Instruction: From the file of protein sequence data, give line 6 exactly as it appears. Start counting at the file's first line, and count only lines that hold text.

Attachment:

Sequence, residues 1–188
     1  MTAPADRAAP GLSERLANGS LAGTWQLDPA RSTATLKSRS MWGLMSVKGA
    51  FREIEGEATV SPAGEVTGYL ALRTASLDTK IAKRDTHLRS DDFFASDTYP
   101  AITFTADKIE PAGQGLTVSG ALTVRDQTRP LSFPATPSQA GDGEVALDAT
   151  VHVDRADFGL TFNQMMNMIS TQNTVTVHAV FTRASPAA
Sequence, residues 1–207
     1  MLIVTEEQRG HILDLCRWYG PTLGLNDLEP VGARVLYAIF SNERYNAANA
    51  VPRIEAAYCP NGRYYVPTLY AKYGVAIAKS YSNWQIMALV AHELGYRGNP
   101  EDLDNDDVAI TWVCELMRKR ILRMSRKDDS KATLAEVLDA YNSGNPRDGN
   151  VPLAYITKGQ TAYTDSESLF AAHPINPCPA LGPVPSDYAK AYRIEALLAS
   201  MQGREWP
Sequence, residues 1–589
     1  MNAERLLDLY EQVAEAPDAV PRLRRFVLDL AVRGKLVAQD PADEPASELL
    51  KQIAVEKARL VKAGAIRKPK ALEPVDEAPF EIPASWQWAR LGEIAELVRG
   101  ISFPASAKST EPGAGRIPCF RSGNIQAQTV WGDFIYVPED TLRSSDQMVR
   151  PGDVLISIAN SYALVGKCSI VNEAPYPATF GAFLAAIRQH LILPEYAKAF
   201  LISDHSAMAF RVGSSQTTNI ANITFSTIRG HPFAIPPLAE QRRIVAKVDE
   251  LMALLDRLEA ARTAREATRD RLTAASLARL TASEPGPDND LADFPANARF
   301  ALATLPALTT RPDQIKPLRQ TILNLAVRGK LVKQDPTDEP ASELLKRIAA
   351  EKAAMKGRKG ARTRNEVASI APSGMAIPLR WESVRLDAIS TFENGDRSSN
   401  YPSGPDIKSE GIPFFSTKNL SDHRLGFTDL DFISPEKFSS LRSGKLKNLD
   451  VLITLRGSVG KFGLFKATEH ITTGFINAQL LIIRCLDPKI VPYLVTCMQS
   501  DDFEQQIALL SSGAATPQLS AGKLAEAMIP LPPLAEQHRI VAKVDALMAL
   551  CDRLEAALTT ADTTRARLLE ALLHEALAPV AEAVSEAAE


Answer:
Sequence, residues 1–207